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When Oscar Wilde came to Norfolk

PUBLISHED: 11:27 23 June 2010 | UPDATED: 17:28 01 July 2010

Abigail Saltmarsh

Nearly 120 years ago flamboyant playwright Oscar Wilde came to Norfolk. Now his tale is to be told here through a one man show. ABIGAIL SALTMARSH reports.

Abigail Saltmarsh

Nearly 120 years ago flamboyant playwright Oscar Wilde came to Norfolk. Now his tale is to be told here through a one man show. ABIGAIL SALTMARSH reports.

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It was in 1892 that Oscar Wilde decided to make Norfolk his temporary home. The colourful and controversial writer had been advised by his doctor to head to the county to take in “the pure air.”

Influenced by other writers, such as 19th poet and theatre critic Clement Scott, who coined the term “Poppyland,” he went to north Norfolk for a while.

Wilde stayed at the Hotel de Paris in Cromer, and also rented a farmhouse, where he apparently wrote A Woman of No Importance, before returning to London in 1893 to see it staged.

So it's rather fitting that a one man show about the playwright is to be performed in Norwich.

Fifty years after The Importance of Being Oscar was first performed in 1960 by actor, dramatist and impresario Micheál Mac Liammóir, the Original Theatre Company and the Icarus Theatre Collective have resurrected it.

Alastair Whatley, who plays the part of Wilde, and other characters in the show, explained that Mac Liammóir was himself something of a flamboyant character.

“He was born in London but he was obsessed with the Irish culture. He taught himself the language, changed his name and presented himself as Irish,” he explained. “In many ways, he was a bit like Wilde's character Dorian Gray.

“He wanted to remain young and, from a distance, he looked young. But when you got close to him, his face was covered with thick make-up.”

Mac Liammóir wrote and starred in the one man play. In 1997, it was resurrected by Simon Callow, who had worked briefly as a dresser to Mac Liammóir, and shortly after, it had one stint on Broadway.

But, apart from that, said Alastair, it is believed the play has not been performed until now. “It is nice to be doing it on its 50th anniversary. When Mac Liammóir first wrote and performed in it, it had a huge impact.

“In a way it helped to restore Oscar Wilde's reputation and allowed his work to be considered on an equal footing once again,” he said.

The play, which is directed by Tom Neill, charts the writer's rise and fall, he continued. It is a theatrical biography, which incorporates excerpts of his work, including The Ballad of Reading Gaol and De Profundis, Wilde's famous letter to his lover, Lord Alfred Douglas.

“I play everyone from Oscar Wilde to Lady Bracknell - it is a kaleidoscope of parts and it is very challenging,” he said.

Born in 1854, Wilde published his first collection of poetry in 1881. In 1884, he married Constance Lloyd, the daughter of a prominent barrister and together they went on to have two sons.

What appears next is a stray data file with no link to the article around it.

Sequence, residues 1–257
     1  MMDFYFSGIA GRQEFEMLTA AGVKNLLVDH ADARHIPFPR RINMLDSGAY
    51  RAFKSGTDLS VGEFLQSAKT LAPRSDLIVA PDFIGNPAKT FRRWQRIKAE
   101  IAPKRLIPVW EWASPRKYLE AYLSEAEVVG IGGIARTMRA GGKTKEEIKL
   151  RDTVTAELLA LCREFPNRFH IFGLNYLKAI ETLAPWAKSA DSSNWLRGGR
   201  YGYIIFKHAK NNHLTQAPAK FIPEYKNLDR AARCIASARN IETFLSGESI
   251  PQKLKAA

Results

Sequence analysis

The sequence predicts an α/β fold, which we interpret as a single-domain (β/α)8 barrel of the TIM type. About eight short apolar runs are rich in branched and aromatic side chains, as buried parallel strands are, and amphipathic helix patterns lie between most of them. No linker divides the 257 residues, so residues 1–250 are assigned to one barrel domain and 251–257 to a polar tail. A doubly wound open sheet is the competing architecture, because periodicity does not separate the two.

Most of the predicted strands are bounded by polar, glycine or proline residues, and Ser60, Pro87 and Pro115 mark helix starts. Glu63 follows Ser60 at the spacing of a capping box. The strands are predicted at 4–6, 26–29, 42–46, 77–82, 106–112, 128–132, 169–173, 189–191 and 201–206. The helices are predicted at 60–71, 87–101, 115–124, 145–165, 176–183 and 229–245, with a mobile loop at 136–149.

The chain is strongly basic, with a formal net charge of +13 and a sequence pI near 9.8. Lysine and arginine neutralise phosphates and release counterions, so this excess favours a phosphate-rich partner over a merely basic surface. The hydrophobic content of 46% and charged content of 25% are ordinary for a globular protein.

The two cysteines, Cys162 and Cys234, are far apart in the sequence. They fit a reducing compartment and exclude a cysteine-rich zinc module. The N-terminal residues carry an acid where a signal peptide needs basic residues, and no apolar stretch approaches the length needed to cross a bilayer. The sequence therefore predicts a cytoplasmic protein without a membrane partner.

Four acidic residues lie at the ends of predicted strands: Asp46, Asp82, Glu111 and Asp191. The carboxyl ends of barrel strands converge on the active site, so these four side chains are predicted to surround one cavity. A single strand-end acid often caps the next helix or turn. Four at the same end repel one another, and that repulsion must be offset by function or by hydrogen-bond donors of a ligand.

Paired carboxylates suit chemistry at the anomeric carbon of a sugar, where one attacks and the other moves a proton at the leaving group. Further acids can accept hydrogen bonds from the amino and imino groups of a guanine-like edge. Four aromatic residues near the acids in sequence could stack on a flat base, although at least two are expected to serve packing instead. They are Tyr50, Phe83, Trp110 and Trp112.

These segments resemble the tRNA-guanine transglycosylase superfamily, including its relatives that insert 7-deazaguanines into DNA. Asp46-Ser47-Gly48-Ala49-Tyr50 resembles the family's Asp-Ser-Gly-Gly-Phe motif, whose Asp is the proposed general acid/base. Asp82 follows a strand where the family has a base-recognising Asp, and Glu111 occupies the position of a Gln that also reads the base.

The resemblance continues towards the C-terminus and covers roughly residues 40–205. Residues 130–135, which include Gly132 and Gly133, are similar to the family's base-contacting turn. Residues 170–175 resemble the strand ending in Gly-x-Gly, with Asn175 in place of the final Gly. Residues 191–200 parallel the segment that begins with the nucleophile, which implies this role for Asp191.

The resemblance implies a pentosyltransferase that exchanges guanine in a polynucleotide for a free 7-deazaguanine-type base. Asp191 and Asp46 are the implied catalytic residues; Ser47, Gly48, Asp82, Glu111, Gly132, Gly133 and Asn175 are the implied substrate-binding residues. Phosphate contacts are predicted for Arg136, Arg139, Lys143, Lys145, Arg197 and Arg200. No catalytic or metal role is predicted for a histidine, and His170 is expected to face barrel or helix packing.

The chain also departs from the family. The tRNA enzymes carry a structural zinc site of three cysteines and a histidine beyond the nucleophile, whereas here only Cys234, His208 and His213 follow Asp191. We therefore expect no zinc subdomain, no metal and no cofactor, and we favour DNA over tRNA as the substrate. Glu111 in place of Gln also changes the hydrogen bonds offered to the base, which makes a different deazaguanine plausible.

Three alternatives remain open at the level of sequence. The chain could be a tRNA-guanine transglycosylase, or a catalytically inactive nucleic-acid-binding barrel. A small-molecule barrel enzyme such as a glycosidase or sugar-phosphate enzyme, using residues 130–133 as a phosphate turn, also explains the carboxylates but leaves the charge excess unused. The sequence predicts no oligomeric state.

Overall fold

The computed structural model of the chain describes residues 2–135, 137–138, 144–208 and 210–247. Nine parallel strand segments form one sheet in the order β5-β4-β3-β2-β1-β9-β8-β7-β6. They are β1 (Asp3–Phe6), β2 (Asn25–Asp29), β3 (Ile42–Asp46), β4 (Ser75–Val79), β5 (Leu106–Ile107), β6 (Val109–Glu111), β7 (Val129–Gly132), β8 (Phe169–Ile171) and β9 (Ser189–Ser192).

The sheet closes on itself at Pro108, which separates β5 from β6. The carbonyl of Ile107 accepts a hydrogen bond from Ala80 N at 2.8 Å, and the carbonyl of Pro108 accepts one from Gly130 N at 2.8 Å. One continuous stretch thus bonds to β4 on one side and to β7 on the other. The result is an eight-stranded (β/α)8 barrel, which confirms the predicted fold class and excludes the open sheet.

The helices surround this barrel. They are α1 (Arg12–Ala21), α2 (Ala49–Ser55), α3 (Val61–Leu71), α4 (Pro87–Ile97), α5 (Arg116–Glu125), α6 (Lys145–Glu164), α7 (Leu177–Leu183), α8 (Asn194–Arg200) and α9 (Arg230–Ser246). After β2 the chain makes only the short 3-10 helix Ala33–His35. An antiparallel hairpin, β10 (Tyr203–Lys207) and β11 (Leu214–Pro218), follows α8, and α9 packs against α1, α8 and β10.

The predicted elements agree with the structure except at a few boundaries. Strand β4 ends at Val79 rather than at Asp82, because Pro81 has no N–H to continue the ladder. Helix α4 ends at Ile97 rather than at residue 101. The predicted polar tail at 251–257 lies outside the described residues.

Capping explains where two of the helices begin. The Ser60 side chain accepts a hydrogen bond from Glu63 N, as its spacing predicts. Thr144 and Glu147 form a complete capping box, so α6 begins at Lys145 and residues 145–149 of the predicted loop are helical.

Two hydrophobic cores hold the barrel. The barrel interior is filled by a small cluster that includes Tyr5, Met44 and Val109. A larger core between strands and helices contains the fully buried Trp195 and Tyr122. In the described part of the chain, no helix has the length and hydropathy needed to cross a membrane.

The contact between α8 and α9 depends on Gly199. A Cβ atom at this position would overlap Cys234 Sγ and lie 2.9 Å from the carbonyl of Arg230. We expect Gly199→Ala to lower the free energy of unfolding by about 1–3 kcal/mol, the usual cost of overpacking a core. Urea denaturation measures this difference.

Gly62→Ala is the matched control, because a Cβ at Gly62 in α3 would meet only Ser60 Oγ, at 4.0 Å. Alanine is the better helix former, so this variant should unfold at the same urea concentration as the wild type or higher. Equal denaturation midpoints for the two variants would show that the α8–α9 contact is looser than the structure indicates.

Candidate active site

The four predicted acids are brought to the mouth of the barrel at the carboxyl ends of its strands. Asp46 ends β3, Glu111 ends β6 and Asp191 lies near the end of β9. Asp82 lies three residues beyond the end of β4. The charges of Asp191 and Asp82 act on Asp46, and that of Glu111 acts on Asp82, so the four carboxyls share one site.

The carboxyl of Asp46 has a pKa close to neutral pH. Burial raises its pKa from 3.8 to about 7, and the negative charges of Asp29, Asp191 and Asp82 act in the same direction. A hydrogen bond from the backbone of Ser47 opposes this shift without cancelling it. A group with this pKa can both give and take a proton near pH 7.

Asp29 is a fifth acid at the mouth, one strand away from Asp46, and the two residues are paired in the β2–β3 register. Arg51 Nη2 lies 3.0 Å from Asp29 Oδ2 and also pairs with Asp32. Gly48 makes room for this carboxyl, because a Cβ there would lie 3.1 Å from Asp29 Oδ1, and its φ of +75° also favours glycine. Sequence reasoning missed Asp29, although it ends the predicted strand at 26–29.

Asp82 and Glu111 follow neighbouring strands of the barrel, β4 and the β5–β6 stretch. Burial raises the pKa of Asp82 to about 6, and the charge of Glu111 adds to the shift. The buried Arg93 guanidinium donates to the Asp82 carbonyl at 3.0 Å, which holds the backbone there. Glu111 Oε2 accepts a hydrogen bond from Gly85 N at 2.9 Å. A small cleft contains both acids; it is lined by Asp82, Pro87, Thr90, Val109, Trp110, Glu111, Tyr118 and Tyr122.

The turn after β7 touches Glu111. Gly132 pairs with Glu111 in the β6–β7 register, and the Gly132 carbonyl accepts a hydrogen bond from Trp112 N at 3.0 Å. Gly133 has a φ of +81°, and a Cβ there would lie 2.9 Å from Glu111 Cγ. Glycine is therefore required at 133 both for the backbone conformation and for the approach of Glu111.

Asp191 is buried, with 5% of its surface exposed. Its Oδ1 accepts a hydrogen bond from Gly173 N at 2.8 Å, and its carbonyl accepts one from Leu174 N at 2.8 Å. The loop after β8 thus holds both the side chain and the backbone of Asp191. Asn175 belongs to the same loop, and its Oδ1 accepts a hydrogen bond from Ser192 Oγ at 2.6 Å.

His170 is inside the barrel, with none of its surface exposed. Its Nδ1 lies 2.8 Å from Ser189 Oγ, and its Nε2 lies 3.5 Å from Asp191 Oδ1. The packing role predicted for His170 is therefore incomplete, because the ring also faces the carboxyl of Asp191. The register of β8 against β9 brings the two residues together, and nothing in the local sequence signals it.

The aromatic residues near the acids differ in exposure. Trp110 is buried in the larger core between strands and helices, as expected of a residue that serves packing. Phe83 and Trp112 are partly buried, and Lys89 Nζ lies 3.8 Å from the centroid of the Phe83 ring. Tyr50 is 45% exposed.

Over the following years, he wrote The Happy Prince and Other Tales, The House of Pomegranates and The Picture of Dorian Gray.

His first play, Lady Windermere's Fan, opened in February 1892 and he then went on to write A Woman of No Importance, An Ideal Husband and The Importance of Being Earnest. All highly acclaimed, the plays firmly established Wilde as an acclaimed writer.

In the summer of 1891, Wilde met Lord Alfred “Bosie” Douglas, the third son of the Marquis of Queensberry.

They soon became lovers and were inseparable until Wilde was arrested four years later, convicted of gross indecency and sentenced to two years hard labour.

After his release, he wandered Europe, staying with friends and living in cheap hotels, until he died in 1900 from meningitis

“For me there was a big attraction to playing the character of Wilde,” said Alastair.

“Before I did this, I probably knew as much as most people about him. I knew a few of his most famous plays and that he was involved in some sort of scandal.

“But as I started learning more, I realised how amazing his life was - it was both a comedy and a tragedy.

“There was very much very much two sides to him and one did have a tinge of darkness. However, badly the Victorians treated him for his homosexuality you also have to remember that he did have a wife and children - and that he did not fulfil his responsibility towards them.”

Currently on tour with The Importance of Being Oscar, Alastair, who is from Bury St Edmund's is looking forward to bringing the play to Norfolk, where Wilde famously stayed.

“We have been to the Playhouse recently with Shakespeare's R&J and a version of Othello, where the characters had instruments, and we always enjoy playing there,” he said.

“The audience in Norwich has a friendly character so the performances are always fun. I think this play about Wilde will go down just as well.”

t The Importance of Being Oscar will be performed at Norwich Playhouse on June 24, £12 (£10 cons), £8 student groups, 01603 598598, www.norwichplayhouse.co.uk

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